Below is a short list of treatises in the ASU libraries’ collection related to the legal issues of election law. You can search for other resources in the ASU catalog by using subject headings such as Election law.
Election Law and Democratic Theory (David A. Schultz, 2014)
This book provides a full-length examination of the political theories and principles and democratic values underlying current election law debates and the regulation of political campaigns and participants in the United States. Topics covered range from campaign finance reform, voting rights, reapportionment, and ballot access to the rights of political parties, the media, and other players in the system.
The Election Law Primer for Corporations (Jan W. Baran, 2008)
This American Bar Association primer covers the fast-changing landscape of campaign finance and lobbying laws. It begins with a discussion about campaign finance rules, political action committees (PACs), and campaign communications and activities by and at the corporation.
Guide to Political Campaigns in America (Paul S. Herrnson et al., 2005)
Created by CQ Press, this unique and comprehensive volume explores the history, issues, processes and people, and types of campaigns.
Law and Election Politics: the Rules of the Game (Matthew J. Streb, 2005)
Law and Election Politics illustrates how election laws and electoral politics are intertwined, analyzing the rules of the game and some of the most important―and most controversial―decisions the courts have made on a variety of election-related subjects.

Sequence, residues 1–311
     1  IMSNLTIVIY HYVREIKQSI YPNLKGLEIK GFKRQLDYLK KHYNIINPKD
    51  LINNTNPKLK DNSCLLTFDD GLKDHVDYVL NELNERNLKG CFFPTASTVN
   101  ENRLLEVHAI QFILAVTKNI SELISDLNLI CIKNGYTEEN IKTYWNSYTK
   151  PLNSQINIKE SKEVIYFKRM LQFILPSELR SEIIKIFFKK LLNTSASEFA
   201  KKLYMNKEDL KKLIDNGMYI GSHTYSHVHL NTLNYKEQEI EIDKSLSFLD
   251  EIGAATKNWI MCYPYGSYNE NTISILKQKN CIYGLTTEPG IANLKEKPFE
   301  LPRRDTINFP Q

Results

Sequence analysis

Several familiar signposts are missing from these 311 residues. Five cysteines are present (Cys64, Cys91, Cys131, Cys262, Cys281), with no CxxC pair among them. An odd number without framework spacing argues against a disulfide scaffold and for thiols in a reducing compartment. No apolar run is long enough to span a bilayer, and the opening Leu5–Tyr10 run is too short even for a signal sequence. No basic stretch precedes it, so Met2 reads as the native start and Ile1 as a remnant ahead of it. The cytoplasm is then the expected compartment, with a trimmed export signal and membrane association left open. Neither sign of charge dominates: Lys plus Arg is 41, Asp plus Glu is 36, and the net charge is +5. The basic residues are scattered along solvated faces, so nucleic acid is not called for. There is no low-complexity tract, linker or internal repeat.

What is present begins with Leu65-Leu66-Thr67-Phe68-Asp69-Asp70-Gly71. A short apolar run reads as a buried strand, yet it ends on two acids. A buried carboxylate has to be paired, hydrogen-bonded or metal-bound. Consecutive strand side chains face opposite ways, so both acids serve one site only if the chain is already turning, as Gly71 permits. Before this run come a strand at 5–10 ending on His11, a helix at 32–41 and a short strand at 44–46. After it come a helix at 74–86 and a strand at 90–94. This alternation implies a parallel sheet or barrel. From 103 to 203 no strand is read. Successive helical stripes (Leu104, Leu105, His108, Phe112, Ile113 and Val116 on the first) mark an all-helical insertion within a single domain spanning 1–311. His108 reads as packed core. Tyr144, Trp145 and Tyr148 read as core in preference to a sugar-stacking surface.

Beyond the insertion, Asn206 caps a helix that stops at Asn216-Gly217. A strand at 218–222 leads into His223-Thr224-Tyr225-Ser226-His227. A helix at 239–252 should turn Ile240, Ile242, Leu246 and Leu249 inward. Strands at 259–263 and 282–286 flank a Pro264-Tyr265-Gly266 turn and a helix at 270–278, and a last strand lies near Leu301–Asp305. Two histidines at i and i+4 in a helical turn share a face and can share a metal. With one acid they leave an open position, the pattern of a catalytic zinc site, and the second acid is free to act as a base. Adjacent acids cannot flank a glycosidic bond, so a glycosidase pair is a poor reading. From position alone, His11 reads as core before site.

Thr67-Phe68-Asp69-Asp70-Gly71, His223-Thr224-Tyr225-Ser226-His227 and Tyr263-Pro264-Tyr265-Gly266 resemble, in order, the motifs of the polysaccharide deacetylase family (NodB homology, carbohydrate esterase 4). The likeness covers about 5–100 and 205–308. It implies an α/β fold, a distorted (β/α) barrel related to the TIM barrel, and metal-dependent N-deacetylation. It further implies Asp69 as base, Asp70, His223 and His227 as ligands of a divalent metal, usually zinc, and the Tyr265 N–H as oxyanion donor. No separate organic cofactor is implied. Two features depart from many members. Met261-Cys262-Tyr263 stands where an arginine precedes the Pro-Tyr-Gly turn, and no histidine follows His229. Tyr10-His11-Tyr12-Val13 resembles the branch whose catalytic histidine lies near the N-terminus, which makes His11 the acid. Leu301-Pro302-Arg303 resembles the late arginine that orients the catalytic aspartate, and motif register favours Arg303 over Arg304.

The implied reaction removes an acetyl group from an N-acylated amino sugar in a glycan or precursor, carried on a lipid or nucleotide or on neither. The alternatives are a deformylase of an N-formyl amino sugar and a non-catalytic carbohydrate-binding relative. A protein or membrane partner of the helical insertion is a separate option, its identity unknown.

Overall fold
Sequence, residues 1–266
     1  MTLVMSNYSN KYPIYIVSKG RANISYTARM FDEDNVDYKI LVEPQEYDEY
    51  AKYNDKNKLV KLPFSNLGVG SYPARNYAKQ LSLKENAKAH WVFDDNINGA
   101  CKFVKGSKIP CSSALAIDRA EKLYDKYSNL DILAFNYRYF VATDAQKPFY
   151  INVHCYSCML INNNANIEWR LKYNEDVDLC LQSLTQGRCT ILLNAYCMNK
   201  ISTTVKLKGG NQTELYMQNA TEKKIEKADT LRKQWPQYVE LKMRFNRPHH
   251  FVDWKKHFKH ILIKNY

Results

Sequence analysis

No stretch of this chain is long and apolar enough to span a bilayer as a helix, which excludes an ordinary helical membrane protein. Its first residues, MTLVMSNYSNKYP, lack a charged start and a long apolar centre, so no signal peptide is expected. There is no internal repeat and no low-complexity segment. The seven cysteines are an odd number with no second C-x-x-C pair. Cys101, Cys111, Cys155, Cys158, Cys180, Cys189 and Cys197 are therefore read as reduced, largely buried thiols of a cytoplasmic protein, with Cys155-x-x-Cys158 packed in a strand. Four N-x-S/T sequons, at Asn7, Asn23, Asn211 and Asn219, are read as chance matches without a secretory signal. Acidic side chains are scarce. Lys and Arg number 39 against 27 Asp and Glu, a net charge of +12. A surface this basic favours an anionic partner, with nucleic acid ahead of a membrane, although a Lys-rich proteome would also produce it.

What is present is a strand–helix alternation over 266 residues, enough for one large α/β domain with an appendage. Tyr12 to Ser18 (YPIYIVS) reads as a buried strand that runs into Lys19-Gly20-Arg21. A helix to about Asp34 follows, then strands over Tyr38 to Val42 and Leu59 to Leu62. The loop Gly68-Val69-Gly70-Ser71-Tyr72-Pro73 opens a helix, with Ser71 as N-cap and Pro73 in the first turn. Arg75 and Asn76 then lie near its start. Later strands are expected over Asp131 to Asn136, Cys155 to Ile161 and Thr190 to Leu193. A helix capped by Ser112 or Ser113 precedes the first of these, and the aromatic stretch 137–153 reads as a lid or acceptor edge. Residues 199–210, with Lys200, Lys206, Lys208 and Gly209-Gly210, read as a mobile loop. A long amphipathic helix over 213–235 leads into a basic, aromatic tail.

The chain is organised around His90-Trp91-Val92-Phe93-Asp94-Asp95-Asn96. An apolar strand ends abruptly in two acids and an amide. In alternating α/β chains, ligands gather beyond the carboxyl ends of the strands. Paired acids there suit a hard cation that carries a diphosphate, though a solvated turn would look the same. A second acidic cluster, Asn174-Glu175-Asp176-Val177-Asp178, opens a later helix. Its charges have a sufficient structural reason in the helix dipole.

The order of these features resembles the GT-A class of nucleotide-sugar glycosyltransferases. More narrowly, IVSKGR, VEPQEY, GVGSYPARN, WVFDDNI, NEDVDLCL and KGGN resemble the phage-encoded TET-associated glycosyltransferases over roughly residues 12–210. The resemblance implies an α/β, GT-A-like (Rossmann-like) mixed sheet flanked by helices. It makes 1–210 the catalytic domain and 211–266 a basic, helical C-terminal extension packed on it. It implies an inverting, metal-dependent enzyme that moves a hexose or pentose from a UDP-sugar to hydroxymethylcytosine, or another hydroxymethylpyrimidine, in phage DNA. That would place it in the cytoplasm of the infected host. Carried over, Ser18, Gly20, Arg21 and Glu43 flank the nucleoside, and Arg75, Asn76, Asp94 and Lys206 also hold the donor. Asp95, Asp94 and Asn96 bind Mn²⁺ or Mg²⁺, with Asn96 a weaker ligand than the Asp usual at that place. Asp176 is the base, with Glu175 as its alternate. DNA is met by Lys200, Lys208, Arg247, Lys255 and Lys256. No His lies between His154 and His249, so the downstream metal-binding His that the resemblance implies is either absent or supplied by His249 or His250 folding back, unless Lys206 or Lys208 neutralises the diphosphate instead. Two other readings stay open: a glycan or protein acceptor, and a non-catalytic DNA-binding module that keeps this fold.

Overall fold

Local Elections and the Politics of Small-Scale Democracy (Eric J. Oliver et al., 2012)
This book posits a new theory of voting behavior, arguing that local elections are based on personal connections to voters with similar community ties, rather than partisanship and ideology.
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America Votes! A Guide to Modern Election Law & Voting (Benjamin E. Griffith, ed., 2012)
A guide to American elections published by the American Bar Association
The first part of this work contains the rules for "non-precinct voting"-the casting of ballots by means other than the traditional polling-place on Election Day. The second part concerns general principles for the resolution of disputed elections and is applicable to both presidential and nonpresidential elections. The third part concerns presidential election disputes specifically and establishes procedures to resolve a disputed presidential election within the narrow time constraints established by Congress.